Connecting the north trailz with the south, we ran along the edge of what was once a hayfield. We were about five miles in at this point, and I was still enjoying a great run.

It was somewhere along this stretch that food was mentioned. Instantly, my stomach growled. All I could think about was pancakes.

Here we are crossing the fallen tree. Youth and canine fly over the top. Lynna had my phone and took pics. 

Here you have the horror of my huge butt crawling under the trunk. Unflattering, and being the gentleman that I am, I'm not posting the other limbo pix.

We ended u with 6.1 miles. Would have been 6.2 had we not taken a shortcut on the way back. Everyone enjoyed the trailz, and we will possibly return later in the year--but not when the ticks are bad. Yes, I got my pancakes. We hit the Denny's out on HWY 69.

Next trip--in 2-3 weeks. I'm open to suggestions as to a locale. If you'd like to jump in and explore trailz with us, visit TZ'z Trail Trips on Facebook.

Sunday, February 4, 2018

Recent night runs

My training schedule, which is near nothing, took a very gradual upturn this past weekend. Mostly, it has consisted of walking the dogs at night and doing a trail race on the weekends. I did three races in January, but only have one on tap for February.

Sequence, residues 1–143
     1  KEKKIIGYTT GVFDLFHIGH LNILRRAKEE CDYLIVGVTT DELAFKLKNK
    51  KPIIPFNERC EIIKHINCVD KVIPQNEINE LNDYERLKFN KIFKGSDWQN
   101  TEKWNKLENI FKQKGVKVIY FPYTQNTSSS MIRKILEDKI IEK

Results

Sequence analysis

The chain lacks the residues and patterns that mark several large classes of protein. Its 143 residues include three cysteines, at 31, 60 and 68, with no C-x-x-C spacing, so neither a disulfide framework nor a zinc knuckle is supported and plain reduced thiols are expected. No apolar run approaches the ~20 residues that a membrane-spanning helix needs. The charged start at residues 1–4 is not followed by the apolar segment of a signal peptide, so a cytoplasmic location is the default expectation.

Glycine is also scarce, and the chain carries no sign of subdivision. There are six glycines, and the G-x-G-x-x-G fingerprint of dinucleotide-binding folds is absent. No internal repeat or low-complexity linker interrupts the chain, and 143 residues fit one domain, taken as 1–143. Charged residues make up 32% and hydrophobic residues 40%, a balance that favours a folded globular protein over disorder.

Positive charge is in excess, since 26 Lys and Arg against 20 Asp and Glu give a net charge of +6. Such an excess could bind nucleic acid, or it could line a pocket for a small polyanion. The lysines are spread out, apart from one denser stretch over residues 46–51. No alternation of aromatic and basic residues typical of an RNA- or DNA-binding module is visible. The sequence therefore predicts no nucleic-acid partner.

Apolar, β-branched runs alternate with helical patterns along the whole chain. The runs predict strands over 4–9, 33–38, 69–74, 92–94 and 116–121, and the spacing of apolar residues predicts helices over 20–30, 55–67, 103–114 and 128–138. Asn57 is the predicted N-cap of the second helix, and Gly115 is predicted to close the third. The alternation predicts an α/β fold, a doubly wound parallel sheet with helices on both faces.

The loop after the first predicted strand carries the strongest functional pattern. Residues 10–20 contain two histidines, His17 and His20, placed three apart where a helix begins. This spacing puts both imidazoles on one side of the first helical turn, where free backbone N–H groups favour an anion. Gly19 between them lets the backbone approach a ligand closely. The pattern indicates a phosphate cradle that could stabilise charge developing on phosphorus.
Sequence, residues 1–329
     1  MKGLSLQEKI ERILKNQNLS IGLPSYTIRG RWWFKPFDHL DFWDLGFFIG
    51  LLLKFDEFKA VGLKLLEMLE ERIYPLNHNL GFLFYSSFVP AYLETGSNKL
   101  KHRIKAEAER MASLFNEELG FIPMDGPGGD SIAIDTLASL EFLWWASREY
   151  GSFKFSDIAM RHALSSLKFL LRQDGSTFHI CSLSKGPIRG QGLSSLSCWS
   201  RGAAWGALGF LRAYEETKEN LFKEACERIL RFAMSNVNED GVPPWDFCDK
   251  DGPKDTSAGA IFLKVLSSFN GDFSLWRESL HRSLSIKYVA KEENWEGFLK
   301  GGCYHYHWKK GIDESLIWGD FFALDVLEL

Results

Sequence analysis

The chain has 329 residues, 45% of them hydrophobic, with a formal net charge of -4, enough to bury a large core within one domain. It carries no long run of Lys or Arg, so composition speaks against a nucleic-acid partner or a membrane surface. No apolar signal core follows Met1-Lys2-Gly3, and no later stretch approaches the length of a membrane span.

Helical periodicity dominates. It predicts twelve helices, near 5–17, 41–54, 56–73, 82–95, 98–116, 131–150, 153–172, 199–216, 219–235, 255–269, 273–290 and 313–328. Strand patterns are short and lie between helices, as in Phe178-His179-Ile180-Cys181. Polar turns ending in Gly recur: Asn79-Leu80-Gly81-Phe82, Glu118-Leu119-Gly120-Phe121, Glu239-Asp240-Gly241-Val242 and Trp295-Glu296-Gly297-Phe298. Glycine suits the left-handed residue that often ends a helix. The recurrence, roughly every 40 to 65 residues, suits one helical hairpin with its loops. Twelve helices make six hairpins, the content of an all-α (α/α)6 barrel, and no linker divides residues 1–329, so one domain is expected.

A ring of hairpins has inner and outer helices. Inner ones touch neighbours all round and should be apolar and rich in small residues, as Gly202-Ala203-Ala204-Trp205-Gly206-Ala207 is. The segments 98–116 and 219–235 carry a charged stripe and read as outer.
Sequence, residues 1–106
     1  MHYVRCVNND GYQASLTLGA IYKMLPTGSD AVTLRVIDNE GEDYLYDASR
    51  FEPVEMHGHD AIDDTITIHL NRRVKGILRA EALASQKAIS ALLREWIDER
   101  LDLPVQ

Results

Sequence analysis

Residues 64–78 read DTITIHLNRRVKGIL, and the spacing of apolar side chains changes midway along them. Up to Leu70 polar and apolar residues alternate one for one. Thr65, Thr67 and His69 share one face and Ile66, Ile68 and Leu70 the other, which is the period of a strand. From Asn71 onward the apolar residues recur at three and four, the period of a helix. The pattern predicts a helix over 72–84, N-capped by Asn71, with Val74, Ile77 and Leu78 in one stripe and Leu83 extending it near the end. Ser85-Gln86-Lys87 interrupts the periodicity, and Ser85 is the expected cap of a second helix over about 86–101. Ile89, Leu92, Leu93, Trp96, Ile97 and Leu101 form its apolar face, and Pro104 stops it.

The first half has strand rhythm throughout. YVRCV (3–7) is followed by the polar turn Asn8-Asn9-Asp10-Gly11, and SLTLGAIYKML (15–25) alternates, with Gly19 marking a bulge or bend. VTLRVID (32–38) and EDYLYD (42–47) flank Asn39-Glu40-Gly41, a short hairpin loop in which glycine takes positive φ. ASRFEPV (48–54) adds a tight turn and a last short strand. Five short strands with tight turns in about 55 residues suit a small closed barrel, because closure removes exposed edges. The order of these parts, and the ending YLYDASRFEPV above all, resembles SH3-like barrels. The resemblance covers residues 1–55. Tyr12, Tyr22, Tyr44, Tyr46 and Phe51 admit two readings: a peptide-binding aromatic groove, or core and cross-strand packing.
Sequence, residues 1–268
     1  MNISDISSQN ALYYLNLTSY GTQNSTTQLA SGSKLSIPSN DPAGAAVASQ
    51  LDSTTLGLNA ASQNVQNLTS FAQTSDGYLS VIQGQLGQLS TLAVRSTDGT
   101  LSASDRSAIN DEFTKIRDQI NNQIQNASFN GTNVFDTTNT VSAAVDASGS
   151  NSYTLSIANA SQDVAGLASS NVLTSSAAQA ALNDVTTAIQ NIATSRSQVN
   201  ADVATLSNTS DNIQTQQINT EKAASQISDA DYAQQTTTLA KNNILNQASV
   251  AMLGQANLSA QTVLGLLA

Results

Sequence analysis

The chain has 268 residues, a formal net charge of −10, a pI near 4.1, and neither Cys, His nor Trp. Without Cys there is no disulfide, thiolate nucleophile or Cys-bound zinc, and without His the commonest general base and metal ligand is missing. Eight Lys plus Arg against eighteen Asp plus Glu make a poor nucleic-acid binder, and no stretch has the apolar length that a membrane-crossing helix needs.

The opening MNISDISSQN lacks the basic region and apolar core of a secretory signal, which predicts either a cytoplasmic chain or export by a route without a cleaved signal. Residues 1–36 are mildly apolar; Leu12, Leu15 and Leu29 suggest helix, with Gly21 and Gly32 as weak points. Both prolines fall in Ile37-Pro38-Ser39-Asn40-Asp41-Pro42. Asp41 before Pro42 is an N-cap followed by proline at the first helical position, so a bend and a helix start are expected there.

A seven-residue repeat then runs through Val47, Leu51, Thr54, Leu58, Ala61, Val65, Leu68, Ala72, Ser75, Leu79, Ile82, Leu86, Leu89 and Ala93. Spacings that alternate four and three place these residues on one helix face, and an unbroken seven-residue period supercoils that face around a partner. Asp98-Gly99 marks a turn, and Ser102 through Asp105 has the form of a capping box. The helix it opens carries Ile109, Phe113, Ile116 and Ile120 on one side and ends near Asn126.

My bestie Chrissy Whitten asked if I could squeeze out time for a run Friday night, and I took her up on the idea. She needed 24 miles, and I was game but doubted I could keep up with her for much of that. She did a little of her scheduled 25 miles on the treadmill though and 15 was the final required amount for her to meet her training. For me--any run was training compared to what I have been doing.

I suggested LaFortune Park. It's a 3.25-mile loop, some asphalt, some chat. It's mostly except for the semi-scary places where it's not.